It is a mark of the popularity of the BBC Radio 3 lunchtime concerts at London’s Wigmore Hall and the high calibre of the performers that these hour-long recitals are regularly sold out. Indeed, when I arrived at the Wigmore to hear Steven Osborne in a programme of music by Rachmaninov and Mussorgsky, there was a long queue of people waiting for returns. I relinquished my spare ticket (concert companion was indisposed) so that someone else could enjoy Osborne’s superb pianistic mastery and sensitive musicality. The theme of the concert was pictures: Mussorgsky’s popular and evergreen Pictures at an Exhibition preceded by a selection of Rachmaninov’s Etudes- Tableaux from the lesser-known Op.33.

Rachmaninov’s Études-Tableaux were intended as “picture studies”, evocations in music of visual stimuli, though Rachmaninov was never specific about what inspired each piece; he preferred to leave such interpretations to performer and audience, suggesting they should “paint for themselves what it most suggests”. Rachmaninov also used these pieces to explore and exploit a wide variety of themes, textures and sonorities, the possibilities of the modern piano, and how music for it should be written. They are also related to Chopin’s Études Opp. 10 and 25, for they make technical demands on the pianist, while also offering varied, characterful, beautiful and highly virtuosic writing for the instrument.

Steven Osborne selected four works from Op.33, opening with the precise martial tread of the F minor Étude-Tableau (no. 1). The C minor (no. 3) was delicate and supple, while the E flat (no. 7), described by the composer in a letter to Respighi as “a scene at the fair” was all exuberant fanfares and galloping passagework, clarity never lost despite the very lively tempo. The final work of the set, no. 7 in G minor, was a moody nocturne, expansive and expressive, and the perfect vehicle for Osborne’s intense concentration, control and musical eloquence.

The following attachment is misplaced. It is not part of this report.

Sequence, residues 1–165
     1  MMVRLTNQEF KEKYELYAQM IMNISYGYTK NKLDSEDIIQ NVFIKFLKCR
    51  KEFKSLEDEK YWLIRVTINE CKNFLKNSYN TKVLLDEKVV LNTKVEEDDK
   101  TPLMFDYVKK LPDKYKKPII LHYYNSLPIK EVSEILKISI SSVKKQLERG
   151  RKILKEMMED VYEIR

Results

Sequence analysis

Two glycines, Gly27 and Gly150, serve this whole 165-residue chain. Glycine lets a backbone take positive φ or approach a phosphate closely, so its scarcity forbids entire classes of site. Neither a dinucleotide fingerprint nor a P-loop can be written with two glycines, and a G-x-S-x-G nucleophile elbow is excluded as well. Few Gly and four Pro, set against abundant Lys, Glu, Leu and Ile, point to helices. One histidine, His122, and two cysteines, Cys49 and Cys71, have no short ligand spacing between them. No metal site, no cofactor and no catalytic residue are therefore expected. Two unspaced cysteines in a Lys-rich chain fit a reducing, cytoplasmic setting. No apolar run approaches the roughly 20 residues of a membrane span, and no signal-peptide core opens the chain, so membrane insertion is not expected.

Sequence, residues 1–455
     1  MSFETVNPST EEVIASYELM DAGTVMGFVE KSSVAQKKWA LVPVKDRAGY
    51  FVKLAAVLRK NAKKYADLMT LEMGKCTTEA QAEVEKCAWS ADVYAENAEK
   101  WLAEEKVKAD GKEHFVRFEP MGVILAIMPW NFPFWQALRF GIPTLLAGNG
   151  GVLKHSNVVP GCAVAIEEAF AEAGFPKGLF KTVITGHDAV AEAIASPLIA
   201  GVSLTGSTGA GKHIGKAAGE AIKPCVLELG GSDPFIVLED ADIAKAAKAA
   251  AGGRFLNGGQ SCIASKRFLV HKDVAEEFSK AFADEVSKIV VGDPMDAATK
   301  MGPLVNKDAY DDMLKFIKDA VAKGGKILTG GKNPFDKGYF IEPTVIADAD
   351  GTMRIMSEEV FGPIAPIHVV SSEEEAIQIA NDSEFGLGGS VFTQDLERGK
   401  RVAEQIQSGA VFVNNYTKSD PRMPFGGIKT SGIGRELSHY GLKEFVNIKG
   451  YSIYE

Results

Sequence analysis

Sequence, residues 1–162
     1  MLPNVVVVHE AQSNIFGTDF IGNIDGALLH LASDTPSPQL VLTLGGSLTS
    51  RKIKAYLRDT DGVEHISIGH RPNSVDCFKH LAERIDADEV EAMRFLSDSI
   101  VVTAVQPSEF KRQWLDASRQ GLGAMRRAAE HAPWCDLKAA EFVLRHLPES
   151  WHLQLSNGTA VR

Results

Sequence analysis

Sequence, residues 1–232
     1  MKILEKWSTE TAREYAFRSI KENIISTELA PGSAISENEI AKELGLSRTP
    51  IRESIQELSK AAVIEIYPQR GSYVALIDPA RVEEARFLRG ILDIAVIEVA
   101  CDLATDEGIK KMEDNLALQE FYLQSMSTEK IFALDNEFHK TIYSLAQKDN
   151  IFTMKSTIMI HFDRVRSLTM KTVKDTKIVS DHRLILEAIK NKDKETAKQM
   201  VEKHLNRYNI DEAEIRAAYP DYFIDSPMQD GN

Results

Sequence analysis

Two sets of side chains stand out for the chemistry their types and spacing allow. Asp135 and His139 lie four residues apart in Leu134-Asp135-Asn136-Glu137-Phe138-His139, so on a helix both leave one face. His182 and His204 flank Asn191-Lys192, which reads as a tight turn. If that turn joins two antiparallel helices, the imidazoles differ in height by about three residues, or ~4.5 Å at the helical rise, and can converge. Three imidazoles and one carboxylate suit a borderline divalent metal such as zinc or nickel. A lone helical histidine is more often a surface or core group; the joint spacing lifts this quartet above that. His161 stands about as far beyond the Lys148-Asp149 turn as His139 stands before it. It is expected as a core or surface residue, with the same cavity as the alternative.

Mussorgsky’s Pictures at an Exhibition, composed in 1874, come from a generation earlier than Rachmaninov, and together with Balakirev’s Islamey, brought the piano to centre stage at the end of 19th century. Unlike Rachmaninov’s pieces which are intended to conjure up images in the mind of performer and listener, Mussorgsky’s suite was inspired by an actual exhibition, a memorial retrospective for the painter and designer Viktor Hartmann who was a good friend of the composer. The sense of walking – or “promenading” – around the exhibition is cleverly suggested through the ‘Promenade’ movement which introduces the suite and reappears in different versions between the other movements. This is Mussorgsky himself, depicted in music, slightly ungainly of gait (by his own admission), enjoying the exhibition.

Individual movements are well known, (“Gnomus”, “Tuileries”, “The Ballet of the Chicks in their Shells”, “Baba-Yaga” and “The Great Gate of Kiev” perhaps being the most popular), and the piece remains a regular in concert programmes, both in its piano solo and orchestral arrangements. Playing a very well known piece adds an additional challenge for the performer, yet Osborne brought a distinctive personal voice to the music. Power and richness in the more weighty movements (“Bydlo” was sonorous and ponderous, as if the pianist himself were bearing the ox’s yoke and heavily-laden cart, while “The Great Gate” was plangent and sensitively nuanced, even in the loudest passages) contrasted with delicacy and grace, hushed pianissimos in “Catacombs” and “Con mortuis in lingua morta”, and an almost “fluffy”, witty lightness of touch in “The Ballet of the Chicks”. In Osborne’s hands the work was reinstated to the position of a “proper” piece of music, with a clear narrative, characterful depictions and a full orchestral sound.

More Rachmaninov for the encore: the Prelude in D major, Op 23 No 4. Sweeping and romantic, it was the perfect after-thought to Mussorgsky’s colourful pictures.